What To Do With Leftover Parsley: Broth, Pesto And More Ideas

What to do with leftover parsley

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April is Homegrown Month at Tasting Table.

It seems like some sort of cruel joke to have to buy a full bunch of parsley when you need just a tablespoon or two chopped. But until it's sold by the sprig, we'll continue to find creative ways to use our leftovers. Sure, you can always add it to a pesto or chop and freeze it in white wine or olive oil. But here are a handful of new ideas for using up the last of your leafy herb.

Parsley Broth

If you're in the habit of making chicken or vegetable stock, then you have an automatic way to use up those extra leaves and stems. If not, you can always just make a simple parsley broth instead. Elizabeth Stark of Brooklyn Supper makes a broth with parsley, a few cloves of garlic, and onions if she has them around, which she then uses to poach fish or cook grains with more flavor than water alone.

Smoothies and Juices

Even if you're skeptical of the whole green juice explosion, you can't deny that adding parsley to your morning drink is a great way to use it up quickly. Even better, parsley is a relatively neutral flavor when juiced, so it won't overpower even a fruit-based smoothie. You'll also reap a variety of health benefits, according to Hayden Slater, co-founder and CEO of Pressed Juicery. "Parsley is an excellent source of magnesium; is rich in vitamins A, C, B12, and K; and is a great digestion aid," Slater says. The herb might be small, but when it comes to nutrition, it sure is mighty.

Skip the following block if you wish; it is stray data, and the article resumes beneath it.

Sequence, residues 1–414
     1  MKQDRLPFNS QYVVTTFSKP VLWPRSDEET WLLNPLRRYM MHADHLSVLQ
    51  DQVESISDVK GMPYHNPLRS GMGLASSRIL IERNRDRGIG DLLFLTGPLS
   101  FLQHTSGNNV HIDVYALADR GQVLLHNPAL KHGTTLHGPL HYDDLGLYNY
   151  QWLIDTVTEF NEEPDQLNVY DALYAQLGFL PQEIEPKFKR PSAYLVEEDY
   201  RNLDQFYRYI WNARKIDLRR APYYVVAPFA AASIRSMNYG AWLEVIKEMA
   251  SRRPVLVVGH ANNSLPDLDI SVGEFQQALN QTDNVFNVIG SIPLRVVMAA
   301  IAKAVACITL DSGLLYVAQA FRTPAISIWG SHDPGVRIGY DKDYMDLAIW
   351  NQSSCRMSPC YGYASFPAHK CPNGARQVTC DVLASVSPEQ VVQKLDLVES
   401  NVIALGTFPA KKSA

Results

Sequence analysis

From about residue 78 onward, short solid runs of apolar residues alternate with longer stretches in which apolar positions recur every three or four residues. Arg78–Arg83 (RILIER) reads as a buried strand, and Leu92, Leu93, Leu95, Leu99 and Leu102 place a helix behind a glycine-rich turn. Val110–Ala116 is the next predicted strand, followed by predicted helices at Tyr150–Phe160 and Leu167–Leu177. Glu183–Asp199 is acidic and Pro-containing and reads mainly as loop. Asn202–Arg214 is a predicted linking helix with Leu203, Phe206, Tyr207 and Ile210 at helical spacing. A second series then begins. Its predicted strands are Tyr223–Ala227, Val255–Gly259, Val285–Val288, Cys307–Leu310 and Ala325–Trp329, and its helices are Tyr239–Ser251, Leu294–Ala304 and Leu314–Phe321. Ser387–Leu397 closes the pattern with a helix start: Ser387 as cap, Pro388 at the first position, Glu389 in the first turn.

Parsley is an essential ingredient in Levantine grain salad tabbouleh. Paired with bulgur wheat, tomatoes, cucumbers, and mint, it makes for a refreshing spring side dish or a healthy lunch. But parsley livens up all kinds of other salads or a freestyle riff with your favorite grains and roasted vegetables.


The easiest way to take your meatballs to the next level is by adding parsley, Frank Castronovo of Frankies Spuntino says. "It helps balance the flavor and adds a freshness to the meatball." The same goes for making hamburgers: Adding about a quarter cup of chopped parsley leaves to your favorite burger blend helps keep the meat from tasting too heavy.

Pickles and Fermenting

When getting your pickling spice ingredients together, don't forget the parsley. It might not be a traditional addition, but it adds flavor to even quick pickles. Once you're ready to take your preserving a step further, consider making fermented parsley. Kirsten Shockey, author of Fermented Vegetables: Creative Recipes for Fermenting 64 Vegetables & Herbs in Krauts, Kimchis, Brined Pickles, Chutneys, Relishes & Pastes, makes a fermented parsley paste that's great as part of herbed butter or a rub for chicken.

Blitz one bunch of parsley, half a teaspoon of salt and two or three cloves of garlic in a food processor to make a paste. (It will be fairly dry since you aren't adding oil.) Scoop the paste into a half-pint glass jar. Fit a zippered plastic bag into the jar, pressing down to make sure the plastic is in contact with the surface of the paste—you don't want any air to escape. Then fill the plastic bag with water and let it sit on top of the paste (to keep air out) for three to five days to ferment. After that, keep it in your fridge for up to six months.